Experts Live 2015 – tickets tickets tickets!

Step right up, step right up….

A quick post on behalf of my colleague, 365Dude, who’s presenting a session at this year’s Experts Live 2015.

He still has 3 tickets available in case someone is interested in going to this year’s convention, November 19th.
Be sure to drop him an e-mail if you’re interested in going!

And even if you’re not interested in an Office 365 session, have a look at the program to see what might else be of your interest!


Lab: Connect to your ServerCore using remoting – step by step

The next part in my Lab setup now that I’ve gotten network configured is to actually no longer touch my new Lab machine…

While that might sound strange at first, the reason for this is simple.
My Lab should be a headless server, stuffed in a cabinet somewhere with power and a network connection and I should be able to do ALL my management tasks remotely.

This should be a simple task you’d say, but for the sake of clarity [and to learn this process better myself] I have decided to write down all the steps required to do this.

What is the goal and what is required

I think it helps to first define your goals before you start tinkering with a solution, as you might be easily distracted and not reach the goal you had set for yourself.
According to your goals, you note down what steps are required to reach those goals.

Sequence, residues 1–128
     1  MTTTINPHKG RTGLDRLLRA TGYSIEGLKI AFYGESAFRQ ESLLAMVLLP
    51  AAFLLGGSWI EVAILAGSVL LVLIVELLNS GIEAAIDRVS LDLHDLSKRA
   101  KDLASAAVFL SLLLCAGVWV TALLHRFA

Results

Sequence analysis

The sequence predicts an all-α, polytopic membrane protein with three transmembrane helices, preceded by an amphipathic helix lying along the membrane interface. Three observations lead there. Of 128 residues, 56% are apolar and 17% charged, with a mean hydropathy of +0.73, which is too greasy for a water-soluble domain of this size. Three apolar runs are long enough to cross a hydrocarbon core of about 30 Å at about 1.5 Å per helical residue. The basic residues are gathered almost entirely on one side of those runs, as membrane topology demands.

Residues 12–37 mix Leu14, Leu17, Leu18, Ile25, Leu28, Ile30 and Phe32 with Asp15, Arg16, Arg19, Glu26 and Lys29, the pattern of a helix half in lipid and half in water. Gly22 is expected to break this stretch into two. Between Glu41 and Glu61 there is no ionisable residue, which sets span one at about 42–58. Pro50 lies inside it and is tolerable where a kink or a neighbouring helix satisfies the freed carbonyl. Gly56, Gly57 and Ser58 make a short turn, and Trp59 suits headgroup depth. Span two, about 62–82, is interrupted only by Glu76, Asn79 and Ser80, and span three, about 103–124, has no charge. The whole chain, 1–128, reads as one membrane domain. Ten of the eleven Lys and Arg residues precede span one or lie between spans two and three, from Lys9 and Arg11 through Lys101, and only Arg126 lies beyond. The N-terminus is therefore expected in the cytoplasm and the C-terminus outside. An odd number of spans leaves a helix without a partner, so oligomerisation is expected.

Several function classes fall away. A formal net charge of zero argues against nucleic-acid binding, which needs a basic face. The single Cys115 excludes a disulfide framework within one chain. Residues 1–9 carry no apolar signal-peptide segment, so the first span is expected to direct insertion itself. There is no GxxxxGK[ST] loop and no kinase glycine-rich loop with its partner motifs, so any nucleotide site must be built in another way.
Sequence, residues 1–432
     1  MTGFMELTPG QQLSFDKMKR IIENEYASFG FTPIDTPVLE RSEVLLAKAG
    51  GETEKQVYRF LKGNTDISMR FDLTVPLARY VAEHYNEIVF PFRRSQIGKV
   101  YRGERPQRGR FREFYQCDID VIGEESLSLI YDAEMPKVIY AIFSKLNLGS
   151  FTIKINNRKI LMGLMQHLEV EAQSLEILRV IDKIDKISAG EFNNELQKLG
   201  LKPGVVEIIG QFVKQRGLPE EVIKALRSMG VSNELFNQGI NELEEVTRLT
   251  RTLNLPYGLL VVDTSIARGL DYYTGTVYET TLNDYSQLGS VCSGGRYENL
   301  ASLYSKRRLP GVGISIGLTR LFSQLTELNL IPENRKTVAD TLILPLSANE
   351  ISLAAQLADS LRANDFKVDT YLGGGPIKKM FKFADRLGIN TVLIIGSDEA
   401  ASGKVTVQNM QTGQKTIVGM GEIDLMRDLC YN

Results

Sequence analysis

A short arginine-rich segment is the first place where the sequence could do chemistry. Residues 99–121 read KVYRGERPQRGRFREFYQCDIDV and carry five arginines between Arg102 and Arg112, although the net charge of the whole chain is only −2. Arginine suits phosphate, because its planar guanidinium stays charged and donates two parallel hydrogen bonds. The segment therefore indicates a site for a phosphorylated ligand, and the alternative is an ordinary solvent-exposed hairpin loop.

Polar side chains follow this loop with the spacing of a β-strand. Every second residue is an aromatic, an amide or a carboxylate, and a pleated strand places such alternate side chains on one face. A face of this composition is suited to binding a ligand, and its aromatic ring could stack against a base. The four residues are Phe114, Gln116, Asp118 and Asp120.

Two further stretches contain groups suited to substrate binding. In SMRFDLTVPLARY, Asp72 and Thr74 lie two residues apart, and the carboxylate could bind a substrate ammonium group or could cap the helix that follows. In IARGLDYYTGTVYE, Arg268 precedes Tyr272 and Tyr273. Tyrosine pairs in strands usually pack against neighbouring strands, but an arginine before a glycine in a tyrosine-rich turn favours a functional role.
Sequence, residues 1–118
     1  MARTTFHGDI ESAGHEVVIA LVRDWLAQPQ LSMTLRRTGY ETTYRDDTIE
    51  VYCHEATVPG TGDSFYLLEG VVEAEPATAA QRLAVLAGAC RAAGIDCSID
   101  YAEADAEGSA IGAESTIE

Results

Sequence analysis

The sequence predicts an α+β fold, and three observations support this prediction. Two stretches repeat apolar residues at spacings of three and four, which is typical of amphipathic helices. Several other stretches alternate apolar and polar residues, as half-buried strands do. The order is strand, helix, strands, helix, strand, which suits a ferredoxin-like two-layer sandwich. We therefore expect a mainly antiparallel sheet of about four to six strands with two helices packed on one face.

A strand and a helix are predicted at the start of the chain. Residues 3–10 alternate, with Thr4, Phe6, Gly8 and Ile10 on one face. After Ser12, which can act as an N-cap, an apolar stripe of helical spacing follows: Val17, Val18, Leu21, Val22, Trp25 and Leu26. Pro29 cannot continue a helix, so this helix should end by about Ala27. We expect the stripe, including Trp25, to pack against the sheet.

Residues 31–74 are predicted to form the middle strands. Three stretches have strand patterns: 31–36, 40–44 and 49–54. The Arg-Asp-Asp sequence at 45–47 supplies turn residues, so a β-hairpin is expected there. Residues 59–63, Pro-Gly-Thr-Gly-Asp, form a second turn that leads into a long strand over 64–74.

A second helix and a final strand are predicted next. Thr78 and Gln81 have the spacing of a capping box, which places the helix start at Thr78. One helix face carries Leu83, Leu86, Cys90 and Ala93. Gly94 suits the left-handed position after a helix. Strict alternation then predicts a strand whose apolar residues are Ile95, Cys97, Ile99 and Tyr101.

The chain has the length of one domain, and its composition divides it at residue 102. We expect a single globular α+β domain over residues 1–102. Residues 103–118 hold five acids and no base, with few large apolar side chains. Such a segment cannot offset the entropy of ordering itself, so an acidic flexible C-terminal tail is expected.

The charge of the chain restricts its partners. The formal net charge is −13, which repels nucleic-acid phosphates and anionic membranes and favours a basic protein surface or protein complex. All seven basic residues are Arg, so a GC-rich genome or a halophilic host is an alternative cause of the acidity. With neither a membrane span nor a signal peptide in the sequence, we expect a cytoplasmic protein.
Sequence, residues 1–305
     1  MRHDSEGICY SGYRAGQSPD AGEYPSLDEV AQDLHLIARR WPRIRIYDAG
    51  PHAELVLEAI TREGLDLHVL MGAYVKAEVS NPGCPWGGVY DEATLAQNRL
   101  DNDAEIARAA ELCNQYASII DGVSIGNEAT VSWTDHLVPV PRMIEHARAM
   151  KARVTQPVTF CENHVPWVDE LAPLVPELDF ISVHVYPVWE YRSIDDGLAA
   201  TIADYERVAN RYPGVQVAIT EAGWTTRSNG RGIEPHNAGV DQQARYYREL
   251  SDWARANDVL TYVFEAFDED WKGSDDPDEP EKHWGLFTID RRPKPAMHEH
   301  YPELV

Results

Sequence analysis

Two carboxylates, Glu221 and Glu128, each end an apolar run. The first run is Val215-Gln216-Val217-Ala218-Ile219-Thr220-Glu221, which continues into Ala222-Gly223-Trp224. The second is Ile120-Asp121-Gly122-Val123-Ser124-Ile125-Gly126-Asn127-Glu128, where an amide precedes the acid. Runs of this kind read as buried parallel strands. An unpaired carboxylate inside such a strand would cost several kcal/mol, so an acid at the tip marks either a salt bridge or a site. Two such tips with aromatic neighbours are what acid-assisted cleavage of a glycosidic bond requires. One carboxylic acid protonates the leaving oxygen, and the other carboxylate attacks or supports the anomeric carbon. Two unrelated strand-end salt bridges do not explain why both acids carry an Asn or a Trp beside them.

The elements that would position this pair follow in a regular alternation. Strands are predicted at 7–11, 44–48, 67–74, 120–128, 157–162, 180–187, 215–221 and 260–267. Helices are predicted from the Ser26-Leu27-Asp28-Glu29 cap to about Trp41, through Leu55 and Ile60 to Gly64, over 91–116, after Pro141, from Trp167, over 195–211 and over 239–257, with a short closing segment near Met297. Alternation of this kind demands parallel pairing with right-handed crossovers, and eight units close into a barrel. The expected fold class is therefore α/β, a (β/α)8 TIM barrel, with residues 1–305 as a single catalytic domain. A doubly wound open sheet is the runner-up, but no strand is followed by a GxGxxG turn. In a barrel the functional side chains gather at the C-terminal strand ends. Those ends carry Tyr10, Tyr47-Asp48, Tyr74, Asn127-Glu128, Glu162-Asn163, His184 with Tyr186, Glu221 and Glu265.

Don’t get me wrong, not the immediate script, just the simple text version of what you think you need to do to achieve the goal.

This is especially helpful for me, as I tend to get distracted a LOT!
Think Hammy from Over the Hedge or Dug from UP!

My goal in this case are as follows:

  • Connect to ServerCore using the computername through PSRemoting.

What is required:

  • Add the ServerCore’s computer name to my client’s hosts file
  • Add the ServerCore’s computername to my client’s Trusted Clients settings under WSMAN
  • Connect to ServerCore WSMAN
  • Add the client’s IP address to the ServerCore’s Trusted Clients settings under WSMAN

The code

Client machine Hosts file

Please note: these steps require PowerShell to be run as Administrator.

First of all we want to define some variable which we want to use later on

Of course we want to automate the addition of the ServerCore’s computername to the local hosts file, but in case we’ve already done this, we need to build in a check

To explain: I’m reading the contents of the current Hosts file, located here:  C:\Windows\System32\drivers\etc\hosts .
Just in case you’ve installed Windows in another folder, the script automatically gets the correct location.
It will then check if the Hosts file already contains a line with the ServerCore’s IP address and Name.
If this is not there, it will automatically add this line to the $Hosts variable.
Once this is done it will write the contents of this variable back to the actual file and force it.

Client machine Trusted Hosts

Please note: these steps require PowerShell to be run as Administrator.

Now that you’ve changed the Hosts file, we need to add the ServerCore machine to our WSMAN Trusted Clients.

This will first read out the currently configured Trusted Hosts on your client machine and will then add the ServerCore to this list.